Martin & Kent, L.L.C. Martin & Kent, L.L.C.

attorneys

Plea Bargain Not a Requirement to Receive First Offender Probation

A woman found guilty of drug possession got her sentence overturned recently after her lawyers persuaded the Illinois Appellate Court that the trial judge improperly inserted his personal beliefs into the sentencing process. The woman qualified for the first offender probation program, and the trial judge should not have refused her that option based solely on his opinion that the accused person should have pled guilty and entered a plea agreement in order to gain entry into the program.

A woman found guilty of drug possession got her sentence overturned recently after her lawyers persuaded the Illinois Appellate Court that the trial judge improperly inserted his personal beliefs into the sentencing process. The woman qualified for the first offender probation program, and the trial judge should not have refused her that option based solely on his opinion that the accused person should have pled guilty and entered a plea agreement in order to gain entry into the program.

Rhonda Miller's case involved an arrest by Freeport Police in October 2011. Based upon information secretly provided to the police by the driver of the vehicle in which Miller was riding, officers stopped the car and searched the passengers. The police found crack cocaine and drug paraphernalia on Miller. Prosecutors charged her with possession of a controlled substance.

Miller was convicted on the drug charges. The state asked for jail time in addition to 30 months of probation. Miller's lawyer asked the court to sentence the woman to two years of probation under the first-time offender program. Under this program, if the offender completes the period of probation successfully, he or she does not have a conviction placed on his or her criminal record. Given the seriously damaging effects having a felony conviction record can cause, the first-time offender program can have significant advantages.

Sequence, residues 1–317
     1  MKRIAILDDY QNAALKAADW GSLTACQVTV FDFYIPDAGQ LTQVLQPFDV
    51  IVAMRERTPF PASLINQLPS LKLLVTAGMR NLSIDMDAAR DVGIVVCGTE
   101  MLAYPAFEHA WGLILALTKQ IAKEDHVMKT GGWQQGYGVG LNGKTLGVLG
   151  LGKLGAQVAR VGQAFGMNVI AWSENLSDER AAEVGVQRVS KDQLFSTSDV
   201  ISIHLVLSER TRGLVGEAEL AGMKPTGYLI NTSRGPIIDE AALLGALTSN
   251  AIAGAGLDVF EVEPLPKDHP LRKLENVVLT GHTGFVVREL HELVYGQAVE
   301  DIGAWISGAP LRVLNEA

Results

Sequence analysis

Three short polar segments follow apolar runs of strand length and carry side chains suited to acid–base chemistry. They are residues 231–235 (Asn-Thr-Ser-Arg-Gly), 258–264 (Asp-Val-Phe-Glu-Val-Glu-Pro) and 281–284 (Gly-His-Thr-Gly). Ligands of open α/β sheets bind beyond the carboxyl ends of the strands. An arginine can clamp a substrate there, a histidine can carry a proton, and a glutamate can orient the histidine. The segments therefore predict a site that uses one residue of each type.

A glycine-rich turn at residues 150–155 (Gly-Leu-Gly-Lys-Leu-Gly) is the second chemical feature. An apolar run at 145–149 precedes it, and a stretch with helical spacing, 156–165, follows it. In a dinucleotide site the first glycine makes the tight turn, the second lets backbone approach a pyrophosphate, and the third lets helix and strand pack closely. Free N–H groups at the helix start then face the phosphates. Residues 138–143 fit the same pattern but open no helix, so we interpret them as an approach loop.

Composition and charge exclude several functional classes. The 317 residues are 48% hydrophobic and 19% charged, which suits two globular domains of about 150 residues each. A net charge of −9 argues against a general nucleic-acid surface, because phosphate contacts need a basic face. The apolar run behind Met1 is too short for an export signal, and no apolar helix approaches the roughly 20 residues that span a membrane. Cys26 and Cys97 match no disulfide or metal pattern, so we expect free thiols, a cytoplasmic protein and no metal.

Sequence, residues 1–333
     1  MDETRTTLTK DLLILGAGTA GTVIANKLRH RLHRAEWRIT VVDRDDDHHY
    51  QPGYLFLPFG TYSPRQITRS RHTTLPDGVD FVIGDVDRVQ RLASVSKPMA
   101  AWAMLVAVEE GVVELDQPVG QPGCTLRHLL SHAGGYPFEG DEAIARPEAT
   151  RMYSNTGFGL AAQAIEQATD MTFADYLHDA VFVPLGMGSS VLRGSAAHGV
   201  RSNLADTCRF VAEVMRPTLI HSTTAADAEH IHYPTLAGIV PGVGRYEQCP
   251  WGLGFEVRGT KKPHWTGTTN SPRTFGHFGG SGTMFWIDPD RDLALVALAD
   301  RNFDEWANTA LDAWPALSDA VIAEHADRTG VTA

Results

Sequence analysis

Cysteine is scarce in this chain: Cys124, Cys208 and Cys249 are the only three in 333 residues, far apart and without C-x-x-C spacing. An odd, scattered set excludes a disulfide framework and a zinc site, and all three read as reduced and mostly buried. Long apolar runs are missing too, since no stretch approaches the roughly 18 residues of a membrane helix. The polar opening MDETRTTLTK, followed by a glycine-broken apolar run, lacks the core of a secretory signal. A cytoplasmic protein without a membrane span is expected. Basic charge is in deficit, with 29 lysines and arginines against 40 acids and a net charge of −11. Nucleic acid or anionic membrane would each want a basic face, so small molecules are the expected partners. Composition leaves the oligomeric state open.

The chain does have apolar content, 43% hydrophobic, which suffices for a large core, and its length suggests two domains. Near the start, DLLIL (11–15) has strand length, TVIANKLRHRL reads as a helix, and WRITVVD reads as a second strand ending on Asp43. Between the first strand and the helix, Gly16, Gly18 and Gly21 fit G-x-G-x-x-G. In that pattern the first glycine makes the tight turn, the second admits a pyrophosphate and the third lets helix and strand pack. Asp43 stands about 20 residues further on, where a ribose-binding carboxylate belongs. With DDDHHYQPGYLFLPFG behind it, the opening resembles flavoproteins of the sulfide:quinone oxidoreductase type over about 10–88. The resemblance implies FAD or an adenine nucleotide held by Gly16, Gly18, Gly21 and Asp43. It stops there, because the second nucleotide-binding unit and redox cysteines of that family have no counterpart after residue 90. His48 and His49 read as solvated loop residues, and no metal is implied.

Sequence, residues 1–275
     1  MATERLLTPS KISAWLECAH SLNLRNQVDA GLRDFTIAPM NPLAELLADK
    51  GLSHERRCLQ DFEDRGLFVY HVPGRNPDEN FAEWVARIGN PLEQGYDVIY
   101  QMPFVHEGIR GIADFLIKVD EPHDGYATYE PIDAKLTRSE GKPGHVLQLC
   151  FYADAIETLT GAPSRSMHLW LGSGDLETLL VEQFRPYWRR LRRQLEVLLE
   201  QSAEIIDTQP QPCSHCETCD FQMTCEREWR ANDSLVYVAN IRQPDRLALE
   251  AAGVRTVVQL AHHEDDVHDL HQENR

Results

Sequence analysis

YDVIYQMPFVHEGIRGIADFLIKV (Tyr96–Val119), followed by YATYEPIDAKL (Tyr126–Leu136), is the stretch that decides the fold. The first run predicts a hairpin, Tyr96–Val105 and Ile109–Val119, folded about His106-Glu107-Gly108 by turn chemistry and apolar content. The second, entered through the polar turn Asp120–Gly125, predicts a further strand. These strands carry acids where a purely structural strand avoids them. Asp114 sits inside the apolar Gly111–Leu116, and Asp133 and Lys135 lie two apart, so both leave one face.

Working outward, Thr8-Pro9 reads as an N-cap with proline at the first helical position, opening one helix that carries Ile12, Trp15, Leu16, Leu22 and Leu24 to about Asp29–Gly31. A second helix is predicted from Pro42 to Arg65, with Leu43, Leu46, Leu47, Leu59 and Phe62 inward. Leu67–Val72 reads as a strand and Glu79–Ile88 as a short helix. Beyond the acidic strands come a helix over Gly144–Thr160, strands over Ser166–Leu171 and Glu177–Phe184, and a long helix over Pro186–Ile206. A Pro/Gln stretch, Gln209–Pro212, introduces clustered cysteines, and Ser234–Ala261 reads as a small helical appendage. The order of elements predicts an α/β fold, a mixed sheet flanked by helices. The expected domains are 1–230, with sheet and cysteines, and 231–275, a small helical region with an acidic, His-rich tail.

The court sentenced Miller to 36 days in jail and 24 months probation and did not place her in the first-time offender program. When Miller asked why she did not receive first offender probation, the judge indicated that she should have worked out "some sort of agreement" - in other words, a plea bargain - with the state.

On appeal, Miller successfully challenged her sentence. The trial judge's statements at the time of sentencing appeared to reveal that he believed that first offender probation was only available for accused persons who plead guilty or for people who work out plea deals with the state. The law states that the program is available to any person who was found guilty of a "qualifying" offense (and possession of a controlled substance was one such crime), had never been on probation or court supervision before, and consented to entry into the program. While the trial judge was entitled to consider Miller's "lack of remorse" in his determinations regarding whether first offender probation was the proper sentence, he was not allowed to deny Miller entry into the program based on his personal beliefs that admission into the program should be limited to people who plead guilty or work out plea agreements with the state.

If you are facing conviction on a felony charge, that blot on your record can do serious harm. The first offender probation program can offer you useful benefits in avoiding the damage that a felony record can do. To ensure you are properly considered for first offender probation (if you qualify), you need an attorney knowledgeable in this area of the law. Consult the experienced DuPage County criminal defense attorneys at Martin & Kent. Our skilled attorneys are highly familiar with all sentencing alternatives and options and can help you obtain an outcome that will minimize the damage on your life and livelihood.

Contact us online or by calling (888) 388-9151 to schedule your confidential initial consultation at no charge.

No Comments

Leave a comment
Comment Information